Shaykh ‘Ali al-Khawwas lived in the tenth century AH and is related to the family of al-Borllos in the province of Kafr al-Shaykh. al-Khawwas was given his particular name because he was a weaver of date palm leaves. He was known to be generous and humble, dedicating his time on Fridays serving mosques and giving out alms.
On the importance of the Borllos family al-Miqreezy said: “some of my relatives of al-Borllos are Arabs of the Quraysh tribe from the clan of Bani Uday and Ka’ab. The book “al-Mustatraf” recounts that the Borllos family are known to have mastered the art of “Kiyafa”, an art commonly known to the original Arabs of the peninsula, which consists of two different abilities. The first is the ability to recognize a person via physical traits of their blood relatives, for example when such a expert would be presented with a baby he would be able to pick out the father from amongst twenty strangers. The second ability is to identify a person by the footprints they left behind. To such extent that they would be able to tell if the tracks belonged to an elder or an adolescent, a man or a woman and even distinguish a virgin from a mature woman.
al-Miqreezy recounts that in the eighth century AH, the mayor of Cairo was from the Borllos family. His name was Salahudeen Abdullah bin Ubayd Allah al-Borllosy and he introduced in the year 760 AH, the citywide weekly celebration where which salutations and prayers would be sent on the Emissary of Godﷺ every Friday night after the call to prayer. Ali Mubarak said that many were to become spiritual teachers and pious men similar to Shaykh Ali al-Khawwas like Shaykh Sayyid Abdul Wahhab al-Sha’arany and Shaykh ‘Ali.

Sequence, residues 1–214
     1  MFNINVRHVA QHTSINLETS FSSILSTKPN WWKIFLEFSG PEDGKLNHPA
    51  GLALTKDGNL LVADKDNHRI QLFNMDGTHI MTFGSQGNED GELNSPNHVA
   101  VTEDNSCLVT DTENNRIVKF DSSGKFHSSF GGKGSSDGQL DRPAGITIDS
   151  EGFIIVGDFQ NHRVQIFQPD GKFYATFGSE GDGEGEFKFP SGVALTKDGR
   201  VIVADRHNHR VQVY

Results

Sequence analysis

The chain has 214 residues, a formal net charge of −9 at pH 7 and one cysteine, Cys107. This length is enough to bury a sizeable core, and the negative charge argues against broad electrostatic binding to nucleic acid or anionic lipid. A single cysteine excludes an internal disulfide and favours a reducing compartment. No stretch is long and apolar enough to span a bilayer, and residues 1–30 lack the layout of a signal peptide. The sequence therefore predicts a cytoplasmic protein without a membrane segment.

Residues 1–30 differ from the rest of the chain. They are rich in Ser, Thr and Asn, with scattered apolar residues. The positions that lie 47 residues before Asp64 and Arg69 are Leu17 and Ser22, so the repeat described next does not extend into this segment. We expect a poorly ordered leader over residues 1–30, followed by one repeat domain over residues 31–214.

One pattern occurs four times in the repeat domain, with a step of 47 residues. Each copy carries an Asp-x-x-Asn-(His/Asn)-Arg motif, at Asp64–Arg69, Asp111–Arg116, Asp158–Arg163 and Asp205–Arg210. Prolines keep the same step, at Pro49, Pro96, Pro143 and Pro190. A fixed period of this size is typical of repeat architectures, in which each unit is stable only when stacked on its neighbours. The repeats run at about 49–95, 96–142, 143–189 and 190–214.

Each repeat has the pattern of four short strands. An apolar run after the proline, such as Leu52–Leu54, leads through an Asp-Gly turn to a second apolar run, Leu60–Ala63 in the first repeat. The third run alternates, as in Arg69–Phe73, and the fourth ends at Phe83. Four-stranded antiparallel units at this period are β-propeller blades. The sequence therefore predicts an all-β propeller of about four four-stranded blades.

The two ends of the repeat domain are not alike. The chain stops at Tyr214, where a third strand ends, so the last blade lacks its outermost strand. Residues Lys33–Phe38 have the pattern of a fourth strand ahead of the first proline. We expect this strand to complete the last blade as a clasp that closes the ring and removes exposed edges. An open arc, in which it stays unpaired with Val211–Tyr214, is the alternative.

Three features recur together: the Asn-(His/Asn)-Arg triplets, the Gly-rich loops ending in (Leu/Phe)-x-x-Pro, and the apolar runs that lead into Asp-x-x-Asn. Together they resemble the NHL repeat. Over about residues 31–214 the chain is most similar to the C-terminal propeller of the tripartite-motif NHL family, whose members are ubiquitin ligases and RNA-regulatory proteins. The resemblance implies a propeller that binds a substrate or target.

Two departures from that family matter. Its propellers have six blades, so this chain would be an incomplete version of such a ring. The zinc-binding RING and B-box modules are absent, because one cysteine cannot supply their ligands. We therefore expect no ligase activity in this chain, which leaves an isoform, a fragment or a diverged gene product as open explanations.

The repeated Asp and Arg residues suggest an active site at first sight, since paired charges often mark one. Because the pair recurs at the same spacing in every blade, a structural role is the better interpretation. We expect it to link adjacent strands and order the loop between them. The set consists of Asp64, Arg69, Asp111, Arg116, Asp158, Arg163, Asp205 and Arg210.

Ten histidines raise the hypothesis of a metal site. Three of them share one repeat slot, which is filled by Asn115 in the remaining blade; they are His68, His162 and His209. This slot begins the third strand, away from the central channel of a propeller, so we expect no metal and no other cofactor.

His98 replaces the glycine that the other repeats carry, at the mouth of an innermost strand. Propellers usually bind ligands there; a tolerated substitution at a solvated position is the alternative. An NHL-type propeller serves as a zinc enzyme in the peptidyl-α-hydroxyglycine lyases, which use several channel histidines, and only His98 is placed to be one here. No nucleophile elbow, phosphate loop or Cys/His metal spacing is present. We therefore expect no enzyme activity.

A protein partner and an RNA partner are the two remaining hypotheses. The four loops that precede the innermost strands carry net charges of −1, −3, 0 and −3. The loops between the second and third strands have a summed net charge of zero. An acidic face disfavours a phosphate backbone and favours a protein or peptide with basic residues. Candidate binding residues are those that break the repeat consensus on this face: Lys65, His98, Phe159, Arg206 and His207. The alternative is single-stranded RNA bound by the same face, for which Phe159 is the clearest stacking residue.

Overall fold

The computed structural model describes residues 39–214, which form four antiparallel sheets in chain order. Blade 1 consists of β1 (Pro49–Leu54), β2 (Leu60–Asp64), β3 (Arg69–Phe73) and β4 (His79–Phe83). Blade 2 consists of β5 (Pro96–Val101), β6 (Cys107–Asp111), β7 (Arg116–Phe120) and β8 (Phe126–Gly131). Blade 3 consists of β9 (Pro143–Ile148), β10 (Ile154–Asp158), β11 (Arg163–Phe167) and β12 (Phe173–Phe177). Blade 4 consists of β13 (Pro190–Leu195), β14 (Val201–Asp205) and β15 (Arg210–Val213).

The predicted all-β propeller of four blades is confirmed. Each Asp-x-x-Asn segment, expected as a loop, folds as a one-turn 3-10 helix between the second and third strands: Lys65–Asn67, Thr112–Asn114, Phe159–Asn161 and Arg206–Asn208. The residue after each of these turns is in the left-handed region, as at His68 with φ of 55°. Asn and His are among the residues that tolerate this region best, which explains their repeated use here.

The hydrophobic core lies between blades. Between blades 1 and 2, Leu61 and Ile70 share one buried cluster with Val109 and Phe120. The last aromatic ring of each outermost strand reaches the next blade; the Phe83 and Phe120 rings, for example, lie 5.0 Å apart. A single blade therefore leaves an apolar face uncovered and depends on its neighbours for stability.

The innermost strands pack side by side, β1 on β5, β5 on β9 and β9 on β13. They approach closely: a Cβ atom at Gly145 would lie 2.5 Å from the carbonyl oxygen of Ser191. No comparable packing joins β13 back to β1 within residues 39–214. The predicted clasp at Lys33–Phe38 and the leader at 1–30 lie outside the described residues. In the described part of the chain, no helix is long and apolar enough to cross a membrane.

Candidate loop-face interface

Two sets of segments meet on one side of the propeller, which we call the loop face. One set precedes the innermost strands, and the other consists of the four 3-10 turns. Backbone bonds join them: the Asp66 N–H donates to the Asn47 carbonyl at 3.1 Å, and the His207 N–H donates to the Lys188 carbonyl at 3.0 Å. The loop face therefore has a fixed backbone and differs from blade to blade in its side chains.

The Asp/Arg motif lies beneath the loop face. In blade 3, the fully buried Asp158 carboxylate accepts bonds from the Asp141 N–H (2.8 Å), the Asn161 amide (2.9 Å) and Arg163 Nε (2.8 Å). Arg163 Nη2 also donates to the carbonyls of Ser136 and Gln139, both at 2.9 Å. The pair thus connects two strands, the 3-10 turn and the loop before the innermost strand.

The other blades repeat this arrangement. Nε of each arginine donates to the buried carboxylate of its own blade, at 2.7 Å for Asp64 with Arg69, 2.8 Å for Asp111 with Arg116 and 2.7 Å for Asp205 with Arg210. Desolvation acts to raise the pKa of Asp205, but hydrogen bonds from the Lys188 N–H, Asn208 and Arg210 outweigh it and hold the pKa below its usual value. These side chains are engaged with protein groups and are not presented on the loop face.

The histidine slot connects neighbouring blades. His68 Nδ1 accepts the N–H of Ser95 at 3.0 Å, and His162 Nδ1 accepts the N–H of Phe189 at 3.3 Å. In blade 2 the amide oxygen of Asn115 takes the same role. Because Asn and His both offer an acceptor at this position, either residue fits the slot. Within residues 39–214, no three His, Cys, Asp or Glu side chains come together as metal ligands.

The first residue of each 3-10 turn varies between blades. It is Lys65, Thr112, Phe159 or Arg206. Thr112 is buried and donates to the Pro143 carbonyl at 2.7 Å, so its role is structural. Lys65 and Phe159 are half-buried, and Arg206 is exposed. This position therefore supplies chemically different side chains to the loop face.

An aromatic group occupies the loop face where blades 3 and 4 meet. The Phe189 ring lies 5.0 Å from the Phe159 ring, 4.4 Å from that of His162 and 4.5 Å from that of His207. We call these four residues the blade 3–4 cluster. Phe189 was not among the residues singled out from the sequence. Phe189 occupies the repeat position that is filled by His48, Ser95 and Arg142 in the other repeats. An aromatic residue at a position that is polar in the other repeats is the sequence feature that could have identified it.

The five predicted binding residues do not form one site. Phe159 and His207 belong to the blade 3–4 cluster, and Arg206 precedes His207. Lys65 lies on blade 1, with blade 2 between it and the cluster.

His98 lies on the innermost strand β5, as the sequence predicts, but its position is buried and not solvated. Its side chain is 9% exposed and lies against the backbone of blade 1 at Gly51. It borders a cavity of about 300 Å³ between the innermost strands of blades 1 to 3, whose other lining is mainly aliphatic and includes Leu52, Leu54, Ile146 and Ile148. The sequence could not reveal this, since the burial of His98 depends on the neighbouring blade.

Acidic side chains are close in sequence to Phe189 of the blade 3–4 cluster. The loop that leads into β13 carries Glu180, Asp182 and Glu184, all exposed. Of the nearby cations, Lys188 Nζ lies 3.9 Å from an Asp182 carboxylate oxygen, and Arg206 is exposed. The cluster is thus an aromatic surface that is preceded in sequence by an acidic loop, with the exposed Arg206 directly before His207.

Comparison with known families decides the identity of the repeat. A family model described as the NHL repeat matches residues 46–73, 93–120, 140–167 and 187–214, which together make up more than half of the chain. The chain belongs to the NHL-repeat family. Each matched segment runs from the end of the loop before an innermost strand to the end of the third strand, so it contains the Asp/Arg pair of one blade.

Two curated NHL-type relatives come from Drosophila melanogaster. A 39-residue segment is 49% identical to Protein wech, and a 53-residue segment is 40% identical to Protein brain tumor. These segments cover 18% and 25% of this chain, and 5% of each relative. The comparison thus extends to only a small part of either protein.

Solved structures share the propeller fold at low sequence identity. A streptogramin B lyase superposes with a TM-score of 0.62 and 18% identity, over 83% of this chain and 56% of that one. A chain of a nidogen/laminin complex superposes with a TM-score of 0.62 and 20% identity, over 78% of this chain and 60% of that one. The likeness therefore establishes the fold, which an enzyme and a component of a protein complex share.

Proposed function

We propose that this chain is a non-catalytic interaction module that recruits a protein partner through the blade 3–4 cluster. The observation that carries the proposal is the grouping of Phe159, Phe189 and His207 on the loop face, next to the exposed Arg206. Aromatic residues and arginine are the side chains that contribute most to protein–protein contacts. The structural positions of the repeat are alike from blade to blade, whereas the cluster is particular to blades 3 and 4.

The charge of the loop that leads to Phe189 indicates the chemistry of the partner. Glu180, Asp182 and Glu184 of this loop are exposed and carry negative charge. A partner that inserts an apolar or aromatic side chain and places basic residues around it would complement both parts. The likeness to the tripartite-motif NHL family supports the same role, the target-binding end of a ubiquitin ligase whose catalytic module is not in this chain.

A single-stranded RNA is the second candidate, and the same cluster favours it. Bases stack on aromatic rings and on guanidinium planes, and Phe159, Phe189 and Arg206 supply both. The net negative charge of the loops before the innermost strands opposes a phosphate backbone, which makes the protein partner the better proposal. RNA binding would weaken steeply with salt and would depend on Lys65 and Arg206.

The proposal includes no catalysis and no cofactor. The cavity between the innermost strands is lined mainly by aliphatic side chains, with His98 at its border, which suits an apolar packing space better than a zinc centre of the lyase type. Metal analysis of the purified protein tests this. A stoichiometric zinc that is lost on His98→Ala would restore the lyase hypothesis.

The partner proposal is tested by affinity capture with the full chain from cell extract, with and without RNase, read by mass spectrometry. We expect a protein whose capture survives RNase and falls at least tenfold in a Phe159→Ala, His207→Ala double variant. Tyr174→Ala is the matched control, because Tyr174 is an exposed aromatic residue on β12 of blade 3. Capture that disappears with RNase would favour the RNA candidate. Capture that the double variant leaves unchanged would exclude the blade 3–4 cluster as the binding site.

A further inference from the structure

The Shaykh al-Khawwas had unique views regarding transmitted knowledge and creative thinking that preceded him by four centuries. He said once:
“Someone is a scholar only if their knowledge cannot be traced back to another source. Besides this condition the person is just reiterating someone else’s scholarship. Therefore he only gets the reward of the one who transmitted knowledge not the reward of a scholar. And Allah does not loose track of one’s righteous actions.
He continues by saying:
“If one desires to know his level of knowledge than he must recount all the sayings and formulae that he has memorized and then look at what knowledge remains. Whatever he finds is his own unique knowledge.”
He (may God be pleased with him) used to say,
“Knowledge of God does not descend except upon empty vessels i.e. who are only busy with remembering God.”
Another interesting quote gives his definition of the nature of a human:
“[The human is] knowledge, gnosis, perception, understanding, rational discernment, hearing, seeing, sense, taste, smell, desire, anger, recollection, love, submission, patience, innate disposition, faith, felicity, divine illumination, certainty in the existence of secrets, and soul.”
From his wise sayings is:
“Remember when we saw people who when they were increased in knowledge they increased in asceticism. Today whenever one of you increases in knowledge you increase in worldly passions and demands. Remember when we saw those who donated their wealth whenever they increased in knowledge and today you donate knowledge to increase in wealth.”
He used to also say:
“Whomsoever wants knowledge, than he must approach the scholars while admitting his own utter ignorance. The aspirants must approach the ascetics by showing longing for liberating their passions. The seekers of God must approach the Gnostics with silence. Allah has said in His Noble book “truly the donations (of God) are for the poor and needy.” (The implication here is that God is generous to the one’s who show their need of Him.)